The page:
Unfortunately, many people in Illinois have experienced medical gaslighting. You can define it as having a medical doctor or other health care provider dismiss you without considering your symptoms. While medical gaslighting can occur to anyone, women, people of color and members of the LGBTQ community are at the highest risk.
What are some typical medical gaslighting scenarios?
Medical gaslighting can take on many different forms. For example, a doctor may look at your chart and dismiss the symptoms that you are experiencing. They may also ask you if you are sure when you recall details. The doctor fails to acknowledge that they told you or failed to tell you to do something. Medical providers may also act like they fail to understand you.
How the medical community can help prevent gaslighting
Doctors who must see many patients daily are often guilty of gaslighting. Therefore, limiting the number of patients seen by a provider can help. Medical schools need to educate their students about the bias, so they can recognize it in themselves and their colleagues before it becomes a bigger problem.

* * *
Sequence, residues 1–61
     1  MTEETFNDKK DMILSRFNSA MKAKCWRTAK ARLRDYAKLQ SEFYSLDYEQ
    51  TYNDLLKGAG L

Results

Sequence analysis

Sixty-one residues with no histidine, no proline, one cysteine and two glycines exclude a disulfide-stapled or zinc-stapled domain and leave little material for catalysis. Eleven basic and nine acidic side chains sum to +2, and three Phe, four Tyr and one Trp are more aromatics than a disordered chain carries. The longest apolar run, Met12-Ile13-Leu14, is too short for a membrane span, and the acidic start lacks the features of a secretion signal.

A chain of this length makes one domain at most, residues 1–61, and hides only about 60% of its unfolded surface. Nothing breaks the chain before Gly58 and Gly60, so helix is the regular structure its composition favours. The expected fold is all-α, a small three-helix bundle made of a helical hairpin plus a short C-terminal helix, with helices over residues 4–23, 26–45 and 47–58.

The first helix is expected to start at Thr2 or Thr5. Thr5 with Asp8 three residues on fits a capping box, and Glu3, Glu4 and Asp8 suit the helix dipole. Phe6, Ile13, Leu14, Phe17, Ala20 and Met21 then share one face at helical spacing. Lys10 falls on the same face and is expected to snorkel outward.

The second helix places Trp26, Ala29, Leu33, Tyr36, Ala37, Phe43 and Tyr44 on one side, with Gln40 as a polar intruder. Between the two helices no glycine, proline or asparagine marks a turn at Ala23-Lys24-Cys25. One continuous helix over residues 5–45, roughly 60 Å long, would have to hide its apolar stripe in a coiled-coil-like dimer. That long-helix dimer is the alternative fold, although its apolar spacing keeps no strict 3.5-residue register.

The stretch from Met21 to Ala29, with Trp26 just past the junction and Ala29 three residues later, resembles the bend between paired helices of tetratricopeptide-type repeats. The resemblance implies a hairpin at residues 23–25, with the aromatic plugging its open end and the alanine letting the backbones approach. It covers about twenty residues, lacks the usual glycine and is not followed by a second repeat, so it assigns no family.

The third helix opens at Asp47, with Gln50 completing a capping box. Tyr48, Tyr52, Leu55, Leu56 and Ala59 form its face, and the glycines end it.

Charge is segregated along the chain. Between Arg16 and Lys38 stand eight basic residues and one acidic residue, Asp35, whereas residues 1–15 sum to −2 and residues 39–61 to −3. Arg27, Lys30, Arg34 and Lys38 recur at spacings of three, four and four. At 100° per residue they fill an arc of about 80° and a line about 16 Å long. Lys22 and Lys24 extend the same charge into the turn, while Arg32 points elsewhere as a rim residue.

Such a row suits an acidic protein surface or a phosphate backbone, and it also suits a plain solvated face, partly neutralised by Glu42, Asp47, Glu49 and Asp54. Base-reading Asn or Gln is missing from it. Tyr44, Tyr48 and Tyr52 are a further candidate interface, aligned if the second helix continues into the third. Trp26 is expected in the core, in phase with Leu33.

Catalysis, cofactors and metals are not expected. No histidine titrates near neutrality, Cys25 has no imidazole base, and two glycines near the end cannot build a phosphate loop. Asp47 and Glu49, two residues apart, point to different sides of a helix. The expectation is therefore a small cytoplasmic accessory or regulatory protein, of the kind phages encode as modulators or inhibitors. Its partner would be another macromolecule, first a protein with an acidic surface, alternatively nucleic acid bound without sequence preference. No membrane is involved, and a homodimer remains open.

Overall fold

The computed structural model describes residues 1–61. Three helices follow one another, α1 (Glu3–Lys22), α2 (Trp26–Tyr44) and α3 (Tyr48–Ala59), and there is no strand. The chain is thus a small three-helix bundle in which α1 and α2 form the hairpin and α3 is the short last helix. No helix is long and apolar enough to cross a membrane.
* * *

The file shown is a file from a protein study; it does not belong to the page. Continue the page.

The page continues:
How patients can help stop medical gaslighting
Especially if you are a member of one of the groups where gaslighting is common, bring a trusted friend to your appointments with you. Come prepared to ask questions and take detailed notes about things the provider tells you. If necessary, seek care from another provider. Seeking care from a member of a minority group can also help. You may also want to consider filing a medical malpractice suit.
Medical gaslighting occurs when a medical provider dismisses a patient’s symptoms without trying to find a cause. While it can happen to anyone, it is more prevalent among minorities, the LGBTQ community and women. Medical communities and patients need to work together to stop it.